Canby teachers, students, friends visit Peru
A two-year delay didn't deter Jay Mull from fulfilling his goal of taking a trip to Peru and bringing along a host of current and former Canby High students for good measure.
Mull and 21 others enjoyed a 12-day journey to Peru, June 20 to July 1, that featured plenty of history, local cuisine and reminders that many of the things we take for granted in this country simply aren't available in others.
Mull, a student success advocate, is one of the advisers for the CHS International Travel Club and said that planning for this trip began in 2018. The trip, originally slated for 2020, had to be postponed twice due to the pandemic. But in late June, it finally came off.
"Myself and two Spanish teachers at the high school, Susan Dalrymple (foreign language teacher) and Linda Newhouse (foreign language/AVID teacher), planned the trip," Mull said. "The club is designed for kids to go, but we also have parents who go. What this trip ended up being, with the delays, was almost all adults. Only two students on the trip will be back at Canby High this fall."
The rest were students who just graduated, had graduated previously, or just interested adults who wanted to make the trip.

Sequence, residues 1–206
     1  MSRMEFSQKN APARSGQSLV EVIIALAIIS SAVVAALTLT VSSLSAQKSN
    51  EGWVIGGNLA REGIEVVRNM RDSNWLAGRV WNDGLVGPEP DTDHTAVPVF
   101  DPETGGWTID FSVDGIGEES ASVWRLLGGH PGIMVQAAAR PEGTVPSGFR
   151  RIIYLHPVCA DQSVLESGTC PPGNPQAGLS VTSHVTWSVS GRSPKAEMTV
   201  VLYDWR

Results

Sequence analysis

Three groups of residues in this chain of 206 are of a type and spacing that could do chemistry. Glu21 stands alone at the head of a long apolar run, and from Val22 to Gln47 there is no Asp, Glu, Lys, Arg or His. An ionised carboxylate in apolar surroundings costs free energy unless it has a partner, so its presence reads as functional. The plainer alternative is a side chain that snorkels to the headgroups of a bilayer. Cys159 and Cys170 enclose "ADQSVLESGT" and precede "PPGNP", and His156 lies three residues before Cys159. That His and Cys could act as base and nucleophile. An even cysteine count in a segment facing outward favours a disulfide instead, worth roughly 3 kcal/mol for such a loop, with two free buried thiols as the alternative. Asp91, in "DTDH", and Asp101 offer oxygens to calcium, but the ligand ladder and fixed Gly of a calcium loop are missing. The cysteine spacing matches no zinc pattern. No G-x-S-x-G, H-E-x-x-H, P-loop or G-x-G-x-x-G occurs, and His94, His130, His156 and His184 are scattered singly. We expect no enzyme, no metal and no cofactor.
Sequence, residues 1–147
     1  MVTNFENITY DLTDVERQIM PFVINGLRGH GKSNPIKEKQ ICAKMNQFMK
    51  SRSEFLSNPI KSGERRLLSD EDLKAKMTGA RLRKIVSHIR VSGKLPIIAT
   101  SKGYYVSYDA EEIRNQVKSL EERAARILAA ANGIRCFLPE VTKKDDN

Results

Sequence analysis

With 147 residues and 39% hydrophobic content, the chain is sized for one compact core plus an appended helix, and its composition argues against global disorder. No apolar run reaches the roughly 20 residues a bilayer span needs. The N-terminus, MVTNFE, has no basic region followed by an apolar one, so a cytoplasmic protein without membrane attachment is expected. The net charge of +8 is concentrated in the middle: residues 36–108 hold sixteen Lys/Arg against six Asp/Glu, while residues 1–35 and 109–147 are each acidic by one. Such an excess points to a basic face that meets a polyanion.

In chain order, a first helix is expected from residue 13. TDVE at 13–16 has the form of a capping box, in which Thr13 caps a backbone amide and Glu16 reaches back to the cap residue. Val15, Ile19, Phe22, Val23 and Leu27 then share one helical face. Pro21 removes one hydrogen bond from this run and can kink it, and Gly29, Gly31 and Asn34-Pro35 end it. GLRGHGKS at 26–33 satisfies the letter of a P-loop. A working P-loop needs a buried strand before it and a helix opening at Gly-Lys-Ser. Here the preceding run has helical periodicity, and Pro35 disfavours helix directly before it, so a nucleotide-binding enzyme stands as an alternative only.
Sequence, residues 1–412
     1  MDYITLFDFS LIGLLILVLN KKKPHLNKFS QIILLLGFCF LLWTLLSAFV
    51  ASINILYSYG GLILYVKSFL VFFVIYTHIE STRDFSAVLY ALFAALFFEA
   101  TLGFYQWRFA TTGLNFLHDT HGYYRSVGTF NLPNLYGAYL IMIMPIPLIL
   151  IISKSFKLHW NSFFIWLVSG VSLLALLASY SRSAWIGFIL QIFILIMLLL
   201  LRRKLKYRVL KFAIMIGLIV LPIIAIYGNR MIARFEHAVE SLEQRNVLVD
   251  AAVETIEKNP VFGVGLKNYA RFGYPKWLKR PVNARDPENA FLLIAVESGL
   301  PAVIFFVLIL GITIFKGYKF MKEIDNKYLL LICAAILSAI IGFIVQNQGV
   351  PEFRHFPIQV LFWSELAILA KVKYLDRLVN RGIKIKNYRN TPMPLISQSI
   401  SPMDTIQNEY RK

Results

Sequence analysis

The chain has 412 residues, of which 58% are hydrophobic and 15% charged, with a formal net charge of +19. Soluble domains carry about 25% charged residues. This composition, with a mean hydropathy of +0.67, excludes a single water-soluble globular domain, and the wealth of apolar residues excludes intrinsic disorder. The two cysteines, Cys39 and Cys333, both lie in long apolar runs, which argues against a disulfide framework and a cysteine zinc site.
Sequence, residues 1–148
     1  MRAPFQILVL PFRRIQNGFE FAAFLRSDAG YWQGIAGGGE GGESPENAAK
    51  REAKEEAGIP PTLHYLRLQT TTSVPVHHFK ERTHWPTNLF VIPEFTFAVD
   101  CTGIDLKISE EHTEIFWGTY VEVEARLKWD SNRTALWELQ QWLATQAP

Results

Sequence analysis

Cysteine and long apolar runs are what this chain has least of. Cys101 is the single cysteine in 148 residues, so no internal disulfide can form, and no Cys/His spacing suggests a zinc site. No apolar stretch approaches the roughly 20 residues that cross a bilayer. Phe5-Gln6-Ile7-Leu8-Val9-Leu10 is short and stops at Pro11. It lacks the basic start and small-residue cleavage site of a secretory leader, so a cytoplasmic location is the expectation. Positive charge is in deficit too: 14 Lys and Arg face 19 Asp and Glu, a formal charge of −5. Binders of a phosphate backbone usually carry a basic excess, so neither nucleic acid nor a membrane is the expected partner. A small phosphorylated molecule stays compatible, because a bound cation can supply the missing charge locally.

"So, it was really a fun group with everyone, essentially, being adults," Mull said.
The highlight, according to Mull, was the visit to Machu Picchu.
"Machu Picchu is incredible," Mull said. "Words and pictures don't do it justice. It's just an incredible overall experience. The engineering and the work are fantastic. They built irrigation systems that still work to this day."
Adding to the experience was Peru's weeklong Sun Festival, which Mull and his group arrived at in the middle of the trip. While all of Peru celebrates the festival, the areas in and around Machu Picchu really bring the celebration home.
"It really was incredible to be part of," Mull said. "Machu Picchu is fabulous, but in that area there are a lot more structures, temples and those types of things. It is so interesting."
One of the more unique discoveries is that the word "Inca" doesn't refer to the people as a whole. The word actually refers to the priests and nobles of the people, whose actual name is something fairly involved, Mull said.
But with all the history and discoveries about the people who occupied that portion of Peru, Mull said the discoveries the visitors on the trip make are just as important.
"It's fun to see the confidence build in some of these young people as they travel out of the country without their parents for the first time," Mull said. "They get that world experience and when they come home, they can appreciate what they have. I mean, you're over there and you may have hot water for a shower for only five minutes, or limited water pressure, or the toilet doesn't work that day, spotty Internet, or something like that."
Mull described paying to use the public restroom and the attendant giving you five or six sheets of toilet paper. You want more, you have to pay for it.
"Things you take for granted or come easy here, in other parts of the world it is different," Mull said. "You come back with a realization that you can appreciate what you have.
"It was a fun group of people who knew each other already. It was fantastic," he added.
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